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Should the Flatterers be Avoided?


  • Nicolas Klein

    (University of Bonn)

  • Tymofiy Mylovanov

    (Penn State University)


We analyze a dynamic career concerns game between an expert and a decision maker. In each period, the decision maker has the option of obtaining cheap-talk advice from the expert, who is merely interested in his continued employment. The expert's quality is initially unknown to both parties. The incentive problem is that the expert might attempt to avoid appearing uninformed by concealing his true opinion if it contradicts the predominant view. Nevertheless, if a competent expert never makes mistakes, the fully revealing first-best outcome can be implemented provided the time horizon is sufficiently long. For shorter time horizons, the optimal equilibrium in this case features a grace period during which the expert accumulates some private information about his quality.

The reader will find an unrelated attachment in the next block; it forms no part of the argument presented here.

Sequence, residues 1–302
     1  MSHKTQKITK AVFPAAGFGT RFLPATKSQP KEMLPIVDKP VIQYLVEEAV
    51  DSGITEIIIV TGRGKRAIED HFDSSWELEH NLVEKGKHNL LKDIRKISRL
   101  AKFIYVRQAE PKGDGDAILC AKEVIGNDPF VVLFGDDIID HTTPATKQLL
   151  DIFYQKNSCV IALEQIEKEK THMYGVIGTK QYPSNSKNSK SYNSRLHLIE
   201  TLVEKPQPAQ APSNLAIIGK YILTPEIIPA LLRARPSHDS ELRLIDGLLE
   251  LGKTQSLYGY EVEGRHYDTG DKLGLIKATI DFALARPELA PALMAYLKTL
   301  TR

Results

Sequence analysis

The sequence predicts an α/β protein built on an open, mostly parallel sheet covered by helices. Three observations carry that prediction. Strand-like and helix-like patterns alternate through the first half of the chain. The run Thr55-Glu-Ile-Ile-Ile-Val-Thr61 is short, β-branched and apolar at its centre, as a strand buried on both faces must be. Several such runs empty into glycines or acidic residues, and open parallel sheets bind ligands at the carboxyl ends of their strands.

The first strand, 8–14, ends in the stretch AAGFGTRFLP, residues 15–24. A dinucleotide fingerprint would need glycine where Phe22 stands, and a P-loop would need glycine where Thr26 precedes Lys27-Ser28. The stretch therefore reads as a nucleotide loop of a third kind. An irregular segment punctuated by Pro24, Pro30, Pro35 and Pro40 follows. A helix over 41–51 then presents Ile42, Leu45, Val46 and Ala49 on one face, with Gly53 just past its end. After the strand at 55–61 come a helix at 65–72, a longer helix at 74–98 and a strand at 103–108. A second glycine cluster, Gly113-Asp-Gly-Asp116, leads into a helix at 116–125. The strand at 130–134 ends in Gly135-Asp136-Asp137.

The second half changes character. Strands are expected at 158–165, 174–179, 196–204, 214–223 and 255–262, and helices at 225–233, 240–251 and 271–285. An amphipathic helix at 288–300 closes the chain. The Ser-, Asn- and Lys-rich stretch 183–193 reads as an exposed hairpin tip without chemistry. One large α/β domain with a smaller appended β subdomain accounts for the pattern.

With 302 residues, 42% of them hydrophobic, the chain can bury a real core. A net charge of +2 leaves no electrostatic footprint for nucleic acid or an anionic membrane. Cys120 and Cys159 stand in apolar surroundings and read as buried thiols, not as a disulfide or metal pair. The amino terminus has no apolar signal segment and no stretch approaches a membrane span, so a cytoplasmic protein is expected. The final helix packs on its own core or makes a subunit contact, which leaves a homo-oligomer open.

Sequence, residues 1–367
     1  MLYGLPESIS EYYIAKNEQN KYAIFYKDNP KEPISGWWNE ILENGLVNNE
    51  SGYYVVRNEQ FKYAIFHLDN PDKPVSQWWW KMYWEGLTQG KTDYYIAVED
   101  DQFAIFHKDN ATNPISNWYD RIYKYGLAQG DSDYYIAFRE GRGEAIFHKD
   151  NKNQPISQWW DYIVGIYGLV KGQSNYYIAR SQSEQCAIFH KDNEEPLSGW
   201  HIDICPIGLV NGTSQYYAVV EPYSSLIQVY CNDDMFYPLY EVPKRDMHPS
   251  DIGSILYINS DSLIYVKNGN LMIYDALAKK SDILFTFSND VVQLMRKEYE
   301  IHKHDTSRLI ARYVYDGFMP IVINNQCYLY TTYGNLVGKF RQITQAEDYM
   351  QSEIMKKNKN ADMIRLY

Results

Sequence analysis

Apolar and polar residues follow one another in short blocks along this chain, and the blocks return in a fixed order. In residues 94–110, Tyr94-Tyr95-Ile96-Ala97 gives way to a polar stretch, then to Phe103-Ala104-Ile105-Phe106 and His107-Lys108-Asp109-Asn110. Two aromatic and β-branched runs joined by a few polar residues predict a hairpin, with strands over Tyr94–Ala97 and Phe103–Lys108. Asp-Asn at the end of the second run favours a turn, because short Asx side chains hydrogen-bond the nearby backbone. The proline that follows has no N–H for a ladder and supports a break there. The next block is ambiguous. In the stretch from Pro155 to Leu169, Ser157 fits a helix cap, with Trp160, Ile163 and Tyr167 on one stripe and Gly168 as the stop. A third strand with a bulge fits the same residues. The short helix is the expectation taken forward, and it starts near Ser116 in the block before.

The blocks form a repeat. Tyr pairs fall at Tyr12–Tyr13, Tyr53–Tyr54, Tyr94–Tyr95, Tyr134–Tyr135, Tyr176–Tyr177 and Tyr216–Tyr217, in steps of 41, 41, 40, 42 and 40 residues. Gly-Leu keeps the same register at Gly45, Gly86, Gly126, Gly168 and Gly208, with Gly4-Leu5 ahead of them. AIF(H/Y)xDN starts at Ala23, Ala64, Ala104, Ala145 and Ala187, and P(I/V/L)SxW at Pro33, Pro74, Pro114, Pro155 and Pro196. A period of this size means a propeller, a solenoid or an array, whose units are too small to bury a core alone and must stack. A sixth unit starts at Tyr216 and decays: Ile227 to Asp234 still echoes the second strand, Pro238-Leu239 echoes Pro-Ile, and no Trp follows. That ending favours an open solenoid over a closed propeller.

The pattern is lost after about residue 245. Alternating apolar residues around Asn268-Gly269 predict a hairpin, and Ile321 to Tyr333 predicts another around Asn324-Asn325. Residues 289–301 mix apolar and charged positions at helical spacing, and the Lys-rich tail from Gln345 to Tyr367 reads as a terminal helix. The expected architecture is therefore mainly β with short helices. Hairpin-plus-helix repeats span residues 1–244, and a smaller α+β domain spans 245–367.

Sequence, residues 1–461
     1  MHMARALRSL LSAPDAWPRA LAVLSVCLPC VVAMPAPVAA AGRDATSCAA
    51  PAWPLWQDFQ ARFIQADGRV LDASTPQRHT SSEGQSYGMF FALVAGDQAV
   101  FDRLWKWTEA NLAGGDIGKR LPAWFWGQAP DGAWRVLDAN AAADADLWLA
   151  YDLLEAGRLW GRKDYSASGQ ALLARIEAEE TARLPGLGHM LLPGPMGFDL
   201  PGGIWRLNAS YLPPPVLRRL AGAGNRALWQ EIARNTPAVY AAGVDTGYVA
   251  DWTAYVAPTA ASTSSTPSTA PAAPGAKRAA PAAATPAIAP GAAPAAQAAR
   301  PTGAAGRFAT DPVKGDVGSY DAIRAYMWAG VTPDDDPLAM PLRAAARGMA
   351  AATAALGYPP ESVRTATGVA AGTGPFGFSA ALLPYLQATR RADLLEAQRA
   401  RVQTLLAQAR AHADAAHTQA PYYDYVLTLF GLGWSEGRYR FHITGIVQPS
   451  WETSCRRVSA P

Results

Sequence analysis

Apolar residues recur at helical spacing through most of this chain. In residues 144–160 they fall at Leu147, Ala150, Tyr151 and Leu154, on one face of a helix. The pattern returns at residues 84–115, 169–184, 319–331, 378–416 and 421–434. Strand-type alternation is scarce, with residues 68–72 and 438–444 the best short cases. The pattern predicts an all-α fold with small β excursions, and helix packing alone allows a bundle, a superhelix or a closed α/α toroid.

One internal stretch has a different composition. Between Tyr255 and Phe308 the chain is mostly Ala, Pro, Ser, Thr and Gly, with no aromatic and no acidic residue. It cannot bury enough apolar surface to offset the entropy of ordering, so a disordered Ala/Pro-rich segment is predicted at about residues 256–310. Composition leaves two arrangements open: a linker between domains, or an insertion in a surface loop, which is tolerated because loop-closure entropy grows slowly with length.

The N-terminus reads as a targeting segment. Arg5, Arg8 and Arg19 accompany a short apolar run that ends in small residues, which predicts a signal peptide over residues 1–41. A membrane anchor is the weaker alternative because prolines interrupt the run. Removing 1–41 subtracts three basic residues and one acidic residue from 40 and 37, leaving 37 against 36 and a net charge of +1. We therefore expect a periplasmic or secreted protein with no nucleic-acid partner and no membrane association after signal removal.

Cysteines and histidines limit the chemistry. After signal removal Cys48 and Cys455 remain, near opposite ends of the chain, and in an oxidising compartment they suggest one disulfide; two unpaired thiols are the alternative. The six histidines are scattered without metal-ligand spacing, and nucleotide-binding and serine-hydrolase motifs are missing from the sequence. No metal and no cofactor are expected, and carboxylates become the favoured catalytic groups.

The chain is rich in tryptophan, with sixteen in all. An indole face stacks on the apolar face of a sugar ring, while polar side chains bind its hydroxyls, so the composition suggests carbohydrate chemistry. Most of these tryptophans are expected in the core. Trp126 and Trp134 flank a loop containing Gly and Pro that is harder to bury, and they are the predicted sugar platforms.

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  • Nicolas Klein & Tymofiy Mylovanov, 2011. "Should the Flatterers be Avoided?," 2011 Meeting Papers 1273, Society for Economic Dynamics.
  • Handle: RePEc:red:sed011:1273

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    References listed on IDEAS

    1. Nicolas Klein & Sven Rady, 2011. "Negatively Correlated Bandits," Review of Economic Studies, Oxford University Press, vol. 78(2), pages 693-732.
    2. Gerardi, Dino & Maestri, Lucas, 2012. "A principal-agent model of sequential testing," Theoretical Economics, Econometric Society, vol. 7(3), September.
    3. Rothschild, Michael, 1974. "A two-armed bandit theory of market pricing," Journal of Economic Theory, Elsevier, vol. 9(2), pages 185-202, October.
    4. Klein, Nicolas, 2013. "Strategic learning in teams," Games and Economic Behavior, Elsevier, vol. 82(C), pages 636-657.
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